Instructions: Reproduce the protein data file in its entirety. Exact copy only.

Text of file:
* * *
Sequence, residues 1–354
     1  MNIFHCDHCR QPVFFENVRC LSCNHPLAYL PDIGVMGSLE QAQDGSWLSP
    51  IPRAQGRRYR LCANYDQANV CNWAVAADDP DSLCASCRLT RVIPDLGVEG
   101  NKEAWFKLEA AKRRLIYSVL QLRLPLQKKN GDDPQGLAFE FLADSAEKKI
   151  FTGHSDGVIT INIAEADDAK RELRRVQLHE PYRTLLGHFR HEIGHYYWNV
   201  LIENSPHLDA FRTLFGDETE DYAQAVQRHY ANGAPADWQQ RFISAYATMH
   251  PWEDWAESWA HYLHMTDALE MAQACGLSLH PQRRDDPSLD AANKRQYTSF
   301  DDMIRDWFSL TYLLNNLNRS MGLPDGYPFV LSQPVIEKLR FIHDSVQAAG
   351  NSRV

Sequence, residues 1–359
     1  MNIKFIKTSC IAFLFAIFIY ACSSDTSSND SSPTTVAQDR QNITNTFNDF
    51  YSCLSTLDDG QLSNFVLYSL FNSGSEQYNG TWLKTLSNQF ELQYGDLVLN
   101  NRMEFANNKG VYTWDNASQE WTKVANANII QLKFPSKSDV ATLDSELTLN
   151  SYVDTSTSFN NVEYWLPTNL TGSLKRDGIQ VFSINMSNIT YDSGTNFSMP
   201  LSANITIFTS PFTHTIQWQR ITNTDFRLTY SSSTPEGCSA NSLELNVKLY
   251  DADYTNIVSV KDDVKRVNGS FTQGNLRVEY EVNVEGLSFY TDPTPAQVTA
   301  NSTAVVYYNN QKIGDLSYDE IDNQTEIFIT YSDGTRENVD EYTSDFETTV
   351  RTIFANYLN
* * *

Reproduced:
Sequence, residues 1–354
     1  MNIFHCDHCR QPVFFENVRC LSCNHPLAYL PDIGVMGSLE QAQDGSWLSP
    51  IPRAQGRRYR LCANYDQANV CNWAVAADDP DSLCASCRLT RVIPDLGVEG
   101  NKEAWFKLEA AKRRLIYSVL QLRLPLQKKN GDDPQGLAFE FLADSAEKKI
   151  FTGHSDGVIT INIAEADDAK RELRRVQLHE PYRTLLGHFR HEIGHYYWNV
   201  LIENSPHLDA FRTLFGDETE DYAQAVQRHY ANGAPADWQQ RFISAYATMH
   251  PWEDWAESWA HYLHMTDALE MAQACGLSLH PQRRDDPSLD AANKRQYTSF
   301  DDMIRDWFSL TYLLNNLNRS MGLPDGYPFV LSQPVIEKLR FIHDSVQAAG
   351  NSRV

Sequence, residues 1–359
     1  MNIKFIKTSC IAFLFAIFIY ACSSDTSSND SSPTTVAQDR QNITNTFNDF
    51  YSCLSTLDDG QLSNFVLYSL FNSGSEQYNG TWLKTLSNQF ELQYGDLVLN
   101  NRMEFANNKG VYTWDNASQE WTKVANANII QLKFPSKSDV ATLDSELTLN
   151  SYVDTSTSFN NVEYWLPTNL TGSLKRDGIQ VFSINMSNIT YDSGTNFSMP
   201  LSANITIFTS PFTHTIQWQR ITNTDFRLTY SSSTPEGCSA NSLELNVKLY
   251  DADYTNIVSV KDDVKRVNGS FTQGNLRVEY EVNVEGLSFY TDPTPAQVTA
   301  NSTAVVYYNN QKIGDLSYDE IDNQTEIFIT YSDGTRENVD EYTSDFETTV
   351  RTIFANYLN